Category: Spine Surgery | Author: Stefano Sinicropi | Date: September 26, 2016
Everyone expects surgery to address their injury or condition, but unfortunately not everyone experiences total relief after a spinal operation. Sometimes it’s because the stability of the hardware fails, while other times a condition simply returns after a period of time. Today, we look at three reasons while you may need revision surgery after an initial spinal operation.
Recurrent Disc Herniation
One of the more common revision operations is to address a subsequent disc herniation after a discectomy. During a discectomy, your surgeon will remove fragments of the disc material that have become partially or fully disengaged from the main disc. In the case of a partial discectomy, you still have some of the original disc material in your spine after the surgery, so it’s possible to re-herniate that portion of your spine.
Pseduoarthritis of the spine is a term that describe the lack of bone fusion within a year of a spinal fusion operation. It’s actually more common than you might think, as the medical community suggests that pseudoarthritis occurs in upwards of 68 percent of lumbar fusion operations. Although it can occur in two-thirds of lumbar fusions, not everyone will need to undergo a revision for the condition. Estimates suggest that anywhere between 6 and 36 percent of people will require a revision operation due to pseudoarthritis.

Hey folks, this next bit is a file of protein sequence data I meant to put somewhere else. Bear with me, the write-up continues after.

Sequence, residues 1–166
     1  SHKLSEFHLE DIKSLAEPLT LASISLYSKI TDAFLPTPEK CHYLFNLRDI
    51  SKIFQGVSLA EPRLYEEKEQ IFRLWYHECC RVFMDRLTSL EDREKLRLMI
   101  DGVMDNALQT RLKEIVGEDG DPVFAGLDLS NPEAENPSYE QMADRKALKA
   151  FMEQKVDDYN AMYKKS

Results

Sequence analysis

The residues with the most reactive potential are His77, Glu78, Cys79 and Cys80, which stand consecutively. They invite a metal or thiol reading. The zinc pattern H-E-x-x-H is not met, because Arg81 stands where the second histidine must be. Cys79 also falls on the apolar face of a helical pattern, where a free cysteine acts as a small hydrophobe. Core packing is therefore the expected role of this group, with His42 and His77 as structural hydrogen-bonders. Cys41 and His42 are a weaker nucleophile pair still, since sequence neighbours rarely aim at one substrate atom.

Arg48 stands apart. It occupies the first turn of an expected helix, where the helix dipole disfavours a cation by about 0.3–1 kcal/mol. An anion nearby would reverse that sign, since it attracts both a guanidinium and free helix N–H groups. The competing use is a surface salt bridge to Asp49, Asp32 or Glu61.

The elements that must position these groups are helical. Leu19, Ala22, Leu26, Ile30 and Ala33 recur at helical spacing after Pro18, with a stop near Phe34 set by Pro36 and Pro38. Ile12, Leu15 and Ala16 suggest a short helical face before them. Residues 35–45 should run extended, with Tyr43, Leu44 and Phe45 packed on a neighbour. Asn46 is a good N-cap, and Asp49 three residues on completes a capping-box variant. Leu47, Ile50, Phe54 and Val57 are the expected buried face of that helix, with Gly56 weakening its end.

There are a number of factors that play a role in the development of pseudoarthritis after your initial surgery, including:
- The extent of your spinal damage prior to your operation.
- The type of hardware used during your operation.
- The type of bone graft used, if any.
- The health habits of the patient (smoking, diet, exercise, etc.)
When hardware is used during a spinal fusion operation, the risk of pseduoarthritis is much less. If your doctor feels confident installing hardware for your fusion, you’ll be less likely to need a revision operation due to pseudoarthritis.
Total Disc Replacement Failure
Total disc replacement is a relatively new operation that is still being totally perfected, and even if the ideal procedure is performed, your installed device may still fail. The prosthetic disc in your spine could malfunction or shift out of position, leading to the need for a revision operation, or because an ideal operation preserves the normal movement of the spine, other discs may eventually wear down due to degenerative changes, leading to a second operation on another spinal level.